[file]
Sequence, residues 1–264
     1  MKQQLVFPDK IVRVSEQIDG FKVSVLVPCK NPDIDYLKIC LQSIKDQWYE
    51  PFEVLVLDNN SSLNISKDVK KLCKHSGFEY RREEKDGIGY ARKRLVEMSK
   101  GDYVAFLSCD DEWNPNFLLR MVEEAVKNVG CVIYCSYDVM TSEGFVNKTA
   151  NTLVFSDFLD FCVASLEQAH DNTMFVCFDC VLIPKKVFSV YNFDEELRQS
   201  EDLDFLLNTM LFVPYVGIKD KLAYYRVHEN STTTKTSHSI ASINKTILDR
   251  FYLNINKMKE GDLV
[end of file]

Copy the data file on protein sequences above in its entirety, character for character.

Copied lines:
Sequence, residues 1–264
     1  MKQQLVFPDK IVRVSEQIDG FKVSVLVPCK NPDIDYLKIC LQSIKDQWYE
    51  PFEVLVLDNN SSLNISKDVK KLCKHSGFEY RREEKDGIGY ARKRLVEMSK
   101  GDYVAFLSCD DEWNPNFLLR MVEEAVKNVG CVIYCSYDVM TSEGFVNKTA
   151  NTLVFSDFLD FCVASLEQAH DNTMFVCFDC VLIPKKVFSV YNFDEELRQS
   201  EDLDFLLNTM LFVPYVGIKD KLAYYRVHEN STTTKTSHSI ASINKTILDR
   251  FYLNINKMKE GDLV